Bounded symmetric domains, their compact duals and related symmetric spaces are a rich ground for beautiful mathematical theories, whose special flavor consists in an interplay of classical results and modern approaches in algebra, geometry, representation theory and analysis.

This conference, which is the second Luminy conference devoted to these topics (the first has been organised in october 1996 by Jean-Louis Clerc, Jacques Faraut and Hubert Rubenthaler), will focus on the following topics:

It is by now classical that certain symmetric spaces, most notably bounded symmetric domains and symmetric cones, correspond to Jordan algebraic structures, and that Jordan theoretic methods work very well (and better than Lie theoretic methods) in the infinite dimensional case. Therefore geometric aspects of such spaces are closely related (or even equivalent) to Jordan algebraic questions. It seems nowadays that Jordan theoretic objects play a key role in the general theory of infinite dimensional Lie algebras and Lie groups.

Ever since Harish Chandra's famous construction of the holomorphic discrete series, bounded symmetric domains, their compact duals and their various real forms have been a preferred framework for the geometric construction and detailed study of Lie group representations. Since such representations often live in sections of bundles over these spaces, their study is closely related to geometric invariants which, in turn, often generalise classical invariants such as the cross-ratio or the Maslov-index. Research in this area has been very active during the last years, last but no least by the work of Jean-Louis Clerc.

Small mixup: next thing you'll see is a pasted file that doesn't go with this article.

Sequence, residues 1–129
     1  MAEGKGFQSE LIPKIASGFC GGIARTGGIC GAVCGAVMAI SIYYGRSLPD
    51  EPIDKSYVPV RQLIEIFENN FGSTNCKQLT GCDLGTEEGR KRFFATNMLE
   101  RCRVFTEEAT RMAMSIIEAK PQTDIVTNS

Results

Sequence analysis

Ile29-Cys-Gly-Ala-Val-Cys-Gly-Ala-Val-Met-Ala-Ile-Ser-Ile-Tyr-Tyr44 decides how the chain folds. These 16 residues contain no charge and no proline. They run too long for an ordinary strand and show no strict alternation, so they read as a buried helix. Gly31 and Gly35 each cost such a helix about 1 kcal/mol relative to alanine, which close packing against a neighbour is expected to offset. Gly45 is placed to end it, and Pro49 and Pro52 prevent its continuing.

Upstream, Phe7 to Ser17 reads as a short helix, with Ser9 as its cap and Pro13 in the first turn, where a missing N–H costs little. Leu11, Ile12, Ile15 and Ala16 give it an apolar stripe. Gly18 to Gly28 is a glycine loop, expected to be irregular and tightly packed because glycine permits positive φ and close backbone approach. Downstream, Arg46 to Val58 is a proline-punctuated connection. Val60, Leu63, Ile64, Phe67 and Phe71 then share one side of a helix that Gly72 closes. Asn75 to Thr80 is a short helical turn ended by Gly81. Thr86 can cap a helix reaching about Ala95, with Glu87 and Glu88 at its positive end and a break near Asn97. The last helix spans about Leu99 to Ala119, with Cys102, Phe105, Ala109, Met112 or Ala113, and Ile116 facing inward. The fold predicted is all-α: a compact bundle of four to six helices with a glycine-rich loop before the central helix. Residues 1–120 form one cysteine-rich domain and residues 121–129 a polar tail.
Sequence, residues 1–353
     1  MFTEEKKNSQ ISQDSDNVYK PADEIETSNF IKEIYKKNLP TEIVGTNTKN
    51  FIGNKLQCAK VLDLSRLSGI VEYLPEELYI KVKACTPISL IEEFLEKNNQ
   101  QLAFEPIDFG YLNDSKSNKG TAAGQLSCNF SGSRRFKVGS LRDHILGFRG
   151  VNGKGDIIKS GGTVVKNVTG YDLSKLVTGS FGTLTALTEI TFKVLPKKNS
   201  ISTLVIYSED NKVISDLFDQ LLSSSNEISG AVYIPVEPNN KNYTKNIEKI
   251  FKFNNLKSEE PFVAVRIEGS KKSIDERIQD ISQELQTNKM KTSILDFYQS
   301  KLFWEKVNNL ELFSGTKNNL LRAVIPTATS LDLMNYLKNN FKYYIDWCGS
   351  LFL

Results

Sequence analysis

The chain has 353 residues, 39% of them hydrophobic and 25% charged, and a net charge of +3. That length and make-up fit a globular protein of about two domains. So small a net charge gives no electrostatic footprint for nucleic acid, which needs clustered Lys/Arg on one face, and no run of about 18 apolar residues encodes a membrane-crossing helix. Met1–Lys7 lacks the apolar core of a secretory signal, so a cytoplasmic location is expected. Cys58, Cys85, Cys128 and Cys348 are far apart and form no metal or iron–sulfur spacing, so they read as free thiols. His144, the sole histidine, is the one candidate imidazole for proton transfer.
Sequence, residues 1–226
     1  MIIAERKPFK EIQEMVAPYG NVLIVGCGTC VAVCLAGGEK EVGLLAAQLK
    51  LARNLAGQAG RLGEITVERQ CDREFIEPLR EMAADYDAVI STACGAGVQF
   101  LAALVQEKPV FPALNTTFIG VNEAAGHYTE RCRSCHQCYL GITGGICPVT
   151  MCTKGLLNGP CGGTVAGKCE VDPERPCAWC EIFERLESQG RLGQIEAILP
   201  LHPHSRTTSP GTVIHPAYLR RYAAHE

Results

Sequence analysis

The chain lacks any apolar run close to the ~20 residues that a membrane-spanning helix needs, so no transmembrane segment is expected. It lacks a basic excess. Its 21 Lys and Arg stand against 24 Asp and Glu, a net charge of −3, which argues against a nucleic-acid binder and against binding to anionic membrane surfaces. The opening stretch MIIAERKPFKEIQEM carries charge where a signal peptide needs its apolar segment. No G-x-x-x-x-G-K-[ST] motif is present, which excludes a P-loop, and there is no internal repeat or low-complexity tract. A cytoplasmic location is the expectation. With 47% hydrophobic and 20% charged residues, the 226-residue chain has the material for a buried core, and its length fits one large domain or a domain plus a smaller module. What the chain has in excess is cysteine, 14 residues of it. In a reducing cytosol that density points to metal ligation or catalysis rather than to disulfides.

In the general framework of harmonic analysis on symmetric spaces, the special nature of the spaces considered here opens the way for more specific approaches, involving, for instance, complex or CR geometry, causal structures or prehomogeneous vector spaces. Some of the geometric invariants mentioned above show up remarkably often in harmonic analysis, for instance in approaches to quantization and as kernel functions associated to representations. Corresponding to the variety of topics and methods just mentioned, interactions and applications to other areas go very far. Some of them are rather classical, others just start to develop. Let us here just mention the following: differential geometry, general non-associative algebra, automorphic forms, exceptional groups and applications to physics.